Guerin family hurt by Sinn Fein bridge snub
THE family of murdered journalist Veronica Guerin has withdrawn its support for a proposal to name a Dublin flyover in her memory amid fears that the campaign was being turned into a "political football" by Sinn Fein.
In a letter to South Dublin County Council, the Guerin family expressed upset over what they described as "disrespectful" comments by Sinn Fein councillor Jonathan Graham.
The Clondalkin-based councillor sparked a major backlash this week after he claimed that naming the N7 Newlands Cross flyover after Ms Guerin would create a "hierarchy of victims". The proposal was tabled by Labour TD Robert Dowds.
Mr Graham insisted that he and other Sinn Fein representatives believed honouring Ms Guerin in this manner would be "inappropriate".
"There are a number of families who have been affected by criminality in this area. If you take the criminal John Gilligan - many people have been affected by his actions.
"However, we can't name every street and footpath after that," he said.
But his remarks have caused upset for the Guerin family who have now requested that the proposal be withdrawn altogether.
In a letter to council CEO Daniel McLoughlin, Ms Guerin's brother Jimmy said he feared her memory was being disrespected.
"We are very grateful that Labour TD Mr Robert Dowds and his colleagues would consider such a proposal. However we feel that it is inappropriate that the memory of my late sister would be dragged into what is becoming a political football," Mr Guerin said.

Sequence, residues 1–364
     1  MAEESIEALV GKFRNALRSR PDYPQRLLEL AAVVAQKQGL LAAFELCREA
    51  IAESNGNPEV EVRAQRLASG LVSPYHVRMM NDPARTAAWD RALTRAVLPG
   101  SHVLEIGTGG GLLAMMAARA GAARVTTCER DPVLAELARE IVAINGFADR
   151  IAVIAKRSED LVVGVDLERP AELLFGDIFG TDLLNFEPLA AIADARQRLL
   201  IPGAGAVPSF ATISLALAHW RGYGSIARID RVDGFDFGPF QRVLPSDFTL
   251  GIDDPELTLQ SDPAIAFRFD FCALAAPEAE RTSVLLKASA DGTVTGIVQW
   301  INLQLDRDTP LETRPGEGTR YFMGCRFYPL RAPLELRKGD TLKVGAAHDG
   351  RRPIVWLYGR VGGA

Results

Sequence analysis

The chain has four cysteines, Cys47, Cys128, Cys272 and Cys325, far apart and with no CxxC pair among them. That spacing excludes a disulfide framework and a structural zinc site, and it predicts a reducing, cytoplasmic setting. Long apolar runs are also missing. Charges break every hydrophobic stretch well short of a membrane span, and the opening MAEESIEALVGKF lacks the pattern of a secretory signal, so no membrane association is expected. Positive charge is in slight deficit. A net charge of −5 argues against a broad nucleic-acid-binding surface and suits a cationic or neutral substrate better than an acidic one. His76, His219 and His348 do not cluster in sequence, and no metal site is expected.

"We fully respect the right of certain individuals to object to Veronica's memory being honoured in this way.
"I am of the view that some of the comments by members of the Council are in fact disrespectful to her memory. It may well be that this was not the intention," he added.
The issue of naming the flyover - located just yards from where the Sunday Independent reporter was murdered - was due to be discussed by the Council's Land Use Planning and Transportation Committee next week.
However, the Guerin family has now requested that the proposal be "withdrawn altogether".
Committee chairman and Fine Gael councillor William Lavelle said the family's wishes will be respected.
"I absolutely respect the wishes of family in this regard. It's most unfortunate that family see this issue was becoming a political football following intervention the intervention of a Sinn Fein councillor."
He said he intends to direct the committee to respect the request. In a statement, Sinn Fein rejected that it had turned the issue into a 'political football.'